difficult to even find a residence for themselves. Families view homosexuality
as shameful. People in the epicene community are beheld down upon all the time.
Mere involuntary sexual orientation should not decide their fate and force them
to travel a long road of discrimination and hatred throughout their life. Being
a transgender is not a 'problem', nor is it a 'choice' as such.
So, when normal men and woman are given or conferred right to live harmoniously
with human dignity in the society, then why people of transgender community are
Article 15 of the Indian Constitution ascertains that no person shall be
discriminated based on their region, religion, caste, gender and so on. Hence
the legislature and executive wings of the country must ensure the drafting and
passing of a bill that would exclusively work for the protection of people of
There are even several steps that had already been taken
to ensure dignified living for LGBTQ. Various state governments are providing
them with reservations in educational institutions, at workplaces, and were also
been given pensions. This is a major breakthrough. The honourable supreme court
of India also have legalised the marriage of homo-sexual thus repealing the
long-standing section 377 of the Indian Penal Code.
But this isn't sufficient. There are also several other issues that still remain
unresolved. One such area that requires the attention is regarding the formation
of personal laws that govern the matters of marriage, adoption, divorce, etc.,
Transgenders and Personal Laws:
The honorable Supreme Court of India have addressed several issues pertaining to
the transgender community in National Legal Services Authority v Union of
India case. The learned judges ruled out that the people of transgender
community must be recognized as a third gender in the traditional gender
classification. The court also stated that they (trans) should enjoy all
fundamental rights as every other citizen of this land would do and must be
protected from several types of discrimination.
Justice K. S. Radhakrishnan, on behalf of the bench have ordered the state to
recognize the right of transgenders to decide their personal identity. The bench
asked the government to make certain specific benefits for them in areas of
education and employment. The supreme court have also made it clear that anyone
insisting any person to undergo the Sex Reassignment Surgery (SRS) for declaring
one's gender identity is illegal and unethical.
The above case was a major break-through for people belonging to transgender
community. Though it opened a gateway for recognition of their rights, the rigid
Indian society is hastening this process. People do not accept them to be a part
of the very society like they are. In this case, the apex court has divided the
transgender community into two primary categories.
The first grouping as listed out by the Supreme Court is normally referred to as
transsexuals. It is essentially composed of those individuals who wish to go for
a permanent transition of the gender that they identify themselves with. The
term transsexual denoted to people who had undergone medical procedures, such as
gender-affirming surgery, to match their gender individuality and physical
They create a subset of the transgender community whose sense of
variance between their gender identity and assigned sex is very strong.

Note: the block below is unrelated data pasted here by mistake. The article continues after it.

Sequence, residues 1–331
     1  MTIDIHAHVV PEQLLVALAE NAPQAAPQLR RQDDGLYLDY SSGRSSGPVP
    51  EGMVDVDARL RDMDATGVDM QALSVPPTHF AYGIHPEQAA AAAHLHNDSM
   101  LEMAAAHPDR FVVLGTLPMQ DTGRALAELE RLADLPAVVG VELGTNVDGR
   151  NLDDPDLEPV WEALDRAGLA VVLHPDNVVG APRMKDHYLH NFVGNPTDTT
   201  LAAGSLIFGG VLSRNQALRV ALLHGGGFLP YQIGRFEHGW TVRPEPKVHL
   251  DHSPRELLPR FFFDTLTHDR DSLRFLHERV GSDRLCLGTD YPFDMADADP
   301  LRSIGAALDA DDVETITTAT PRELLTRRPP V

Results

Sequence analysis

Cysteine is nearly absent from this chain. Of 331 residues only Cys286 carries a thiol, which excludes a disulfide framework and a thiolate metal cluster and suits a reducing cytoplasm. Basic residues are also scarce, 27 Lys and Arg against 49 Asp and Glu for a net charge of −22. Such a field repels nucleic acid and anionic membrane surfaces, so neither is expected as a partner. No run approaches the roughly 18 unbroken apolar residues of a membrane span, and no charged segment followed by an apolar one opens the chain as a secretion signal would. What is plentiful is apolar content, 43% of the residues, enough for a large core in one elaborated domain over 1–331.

Moreover, they are firm that they belong to the gender opposite (on the gender
spectrum) to their assigned sex. In NALSA judgement, the honourable Supreme
Court recognised the constitutional right of the transsexual people to
categorize with their transitioned identity, i.e., their gender identity in the
Third GenderThe transgenders who discard both male and female as the normative gender
categorizations constitute the subsequent sub-set of the transgender community.
In the Indian subcontinent, these third genders have presumed a distinct
identity due to their behaviour, characteristics, and appearance. Thus, this
category is composed of a wide range of transgender-related personalities,
cultures, and experiences.
In India, traditionally and popularly, queer
identities such as Hijras etc., are being recognised as third genders.
Another notable case is Navtej Singh Johar v. Union of India which abolished
S. 377 of the Indian Penal Code and paved way for legalizing sexual
relationships between people of all genders. After this judgement, the resulting
step for the community was to ask for a law that would allow them to enrol their
marriage under the law, thereby authorizing the concept of third-gender
marriages. However, that has not been the case yet.
Position Of Transgenders In Family Law:
The Madras High Court has delivered a landmark judgement in Arun Kumar and
Another v. Inspector General of Registration and Ors
The petitioner Arun Kumar has married a transwoman, namely Sreeja at a place of
worship following the ceremonies and customs of Hindus on 31st October 2018.
Later, both of them in pursuit of registration of their marriage have submitted
several documents to the Tuticorin Joint registrar. But he refused to do so.
Therefore, the petitioners challenged the refusal of joint registrar before the
District Registrar on 16th November 2018. The District Registrar has thus
affirmed the decision of his subordinate on 28th December 2018. It is then that
this case was brought to the Madras High Court.
Contentions of the petitioner:
- Given that Sreeja being a transwomen, does the term 'bride' as in Section
5 of the Hindu Marriage Act (HMA) include transgender people or only women?